A U.S. defense official told Reuters the United States targeted Adnani on Tuesday in a strike on a vehicle traveling in the Syrian town of al-Bab. He stopped short of confirming Adnani's death, however. Such U.S. assessments often take days and often lag behind official announcements by militant groups.

    Adnani's presence in the Aleppo countryside may reflect its strategic and symbolic importance to Islamic State. The northwest has become both the most active theater of Syria's war and an arena for competing regional and global powers.

    The government and mainstream rebel groups, which between them hold most of Syria's western, most populous, regions, have focused on their battle for control of Aleppo, Syria's biggest city before the war, and a strategic prize.

    But to the north and east, a secondary conflict has played out as U.S.-backed Kurdish fighters and Turkey-backed rebels, who are also fighting each other, have squeezed IS's once expansive tracts along the Turkish border and Euphrates basin.

    These advances have all but cut off Islamic State from its last foothold on the Turkish border, its link to new foreign recruits, while a steady push from the north has brought its enemies to within 30km (18 miles) of its Syrian capital Raqqa.

    But these strategic setbacks are not Islamic State's only interest in the Aleppo countryside: just 30km northwest of al-Bab, where Adnani was reportedly killed in an airstrike after arriving to tour the battlefield, is the village of Dabiq.

    A few streets surrounded by fields, it will be the site, says Islamic prophecy, of a final battle between Muslims and infidels that will herald the apocalypse.

    So important is this event in Islamic State propaganda, of which Adnani was the chief, that Dabiq was the name chosen for its online magazine that sought to inspire new recruits to its militant cause and instruct them in the ways of global jihad.


    Hammered by two years of U.S.-led coalition air strikes and military losses on the ground, Adnani increasingly called in audio messages for attacks against the United States and Western countries. His group said it was behind deadly attacks in Paris, Nice and Brussels.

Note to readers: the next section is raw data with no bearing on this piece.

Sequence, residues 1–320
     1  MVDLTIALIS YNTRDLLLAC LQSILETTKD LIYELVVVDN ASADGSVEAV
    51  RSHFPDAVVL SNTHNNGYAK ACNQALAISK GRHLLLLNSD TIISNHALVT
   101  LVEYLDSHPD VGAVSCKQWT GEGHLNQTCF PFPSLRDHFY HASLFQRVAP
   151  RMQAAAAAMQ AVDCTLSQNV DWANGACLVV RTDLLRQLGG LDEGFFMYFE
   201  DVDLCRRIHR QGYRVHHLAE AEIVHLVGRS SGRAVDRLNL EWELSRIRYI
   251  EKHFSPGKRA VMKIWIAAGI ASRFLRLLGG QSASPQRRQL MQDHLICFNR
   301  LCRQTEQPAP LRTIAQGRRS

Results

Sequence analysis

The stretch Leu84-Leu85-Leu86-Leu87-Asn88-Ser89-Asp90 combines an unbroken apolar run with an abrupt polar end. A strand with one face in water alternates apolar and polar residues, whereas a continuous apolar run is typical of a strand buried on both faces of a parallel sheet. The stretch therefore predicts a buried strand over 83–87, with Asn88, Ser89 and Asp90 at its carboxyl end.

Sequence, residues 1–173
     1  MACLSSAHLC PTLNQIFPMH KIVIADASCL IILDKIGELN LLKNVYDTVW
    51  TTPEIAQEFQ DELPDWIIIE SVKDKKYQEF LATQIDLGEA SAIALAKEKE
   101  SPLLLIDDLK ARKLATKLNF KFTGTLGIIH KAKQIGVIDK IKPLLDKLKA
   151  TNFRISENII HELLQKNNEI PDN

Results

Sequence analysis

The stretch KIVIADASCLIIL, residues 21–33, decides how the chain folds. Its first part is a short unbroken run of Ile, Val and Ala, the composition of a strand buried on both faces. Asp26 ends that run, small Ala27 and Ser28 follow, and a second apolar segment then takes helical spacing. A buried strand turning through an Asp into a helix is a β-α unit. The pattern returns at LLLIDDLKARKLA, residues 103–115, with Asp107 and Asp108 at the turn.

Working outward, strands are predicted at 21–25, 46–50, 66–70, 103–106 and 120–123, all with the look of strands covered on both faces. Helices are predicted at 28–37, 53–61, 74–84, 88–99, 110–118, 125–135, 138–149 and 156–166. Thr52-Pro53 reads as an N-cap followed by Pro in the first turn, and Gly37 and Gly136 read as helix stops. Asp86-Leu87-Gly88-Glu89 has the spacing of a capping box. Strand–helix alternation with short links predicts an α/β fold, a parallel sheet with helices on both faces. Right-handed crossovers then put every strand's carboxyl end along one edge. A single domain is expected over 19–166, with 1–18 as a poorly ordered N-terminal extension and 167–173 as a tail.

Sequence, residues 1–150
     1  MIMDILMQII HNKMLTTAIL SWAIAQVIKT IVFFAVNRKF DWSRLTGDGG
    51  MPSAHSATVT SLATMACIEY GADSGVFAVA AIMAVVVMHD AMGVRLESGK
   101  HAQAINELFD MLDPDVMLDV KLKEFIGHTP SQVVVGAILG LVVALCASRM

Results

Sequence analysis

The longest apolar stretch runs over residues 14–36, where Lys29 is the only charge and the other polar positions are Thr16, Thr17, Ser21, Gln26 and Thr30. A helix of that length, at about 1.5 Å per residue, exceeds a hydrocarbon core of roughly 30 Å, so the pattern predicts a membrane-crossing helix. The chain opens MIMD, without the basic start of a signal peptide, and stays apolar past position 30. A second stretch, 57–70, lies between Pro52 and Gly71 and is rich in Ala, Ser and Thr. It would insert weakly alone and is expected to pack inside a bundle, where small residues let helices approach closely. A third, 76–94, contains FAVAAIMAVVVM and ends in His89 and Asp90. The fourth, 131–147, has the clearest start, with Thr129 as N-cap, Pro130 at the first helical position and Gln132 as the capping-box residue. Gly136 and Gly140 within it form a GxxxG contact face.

The shift was partly born of tactical necessity after Western and regional governments made it harder for would-be militants to travel to Syria or Iraq to join the group.

    "If the tyrants close the door of migration in your faces, then open the door of jihad in theirs and turn their actions against them," he said in an audio clip.

    Born in 1977 as Taha Subhi Falaha in Syria's Idlib Province southwest of Aleppo, he pledged allegiance to Islamic State's predecessor, al Qaeda, more than a decade ago and was once imprisoned by U.S. forces in Iraq.

    He left Syria to travel to Iraq to fight U.S. forces there after its 2003 invasion, and only returned to his homeland after the start of its own civil war in 2011, a person who knew his family said. A biography posted on militant websites says he grew up with a "love of mosques" and was a prolific reader.

    A U.S. counter-terrorism official who monitors Islamic State said Adnani's death would hurt the militants "in the area that increasingly concerns us as the group loses more and more of its caliphate and its financial base ... and turns to mounting and inspiring more attacks in Europe, Southeast Asia and elsewhere".

    Hisham al-Hashimi, a Baghdad-based security analyst that advises the Iraqi government on IS affairs: said:`As a military target, Adnani is less important than (ex war minister Omar) al-Shishani...(killed earlier this year in Iraq). His death is mainly a blow to their morale, he is the one who inspires the fighters to join in Syria." - REUTERS

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  • Huge fire engulfs Dubai hotel ahead of New Year celebrations

    31/Dec/2015 // 357 Viewers


    United Arab Emirates

    A huge fire ripped through a luxury Dubai hotel on Thursday near the world's tallest tower, where people were gathering to watch New Year's Eve celebrations, police said.

    The Dubai government media office tweeted that a "fire has been reported in the Address Downtown hotel. Authorities are currently on-site to address the incident swiftly and safely."

    Witnesses near the iconic Burj Khalifa, the world's tallest building, said huge flames were seen billowing from the hotel.

    Images aired on the Dubai-based Al-Arabiya news channel showed a high-rise building with fire engulfing dozens of storeys.

    Dubai authorities said earlier Thursday that they had deployed thousands of security personnel to ensure visitors and residents could enjoy the New Year's festivities safely.

    The emirate had promising a "spectacular" fireworks display that was set to kick-off at midnight from the Burj Khalifa before spreading to various locations across the city.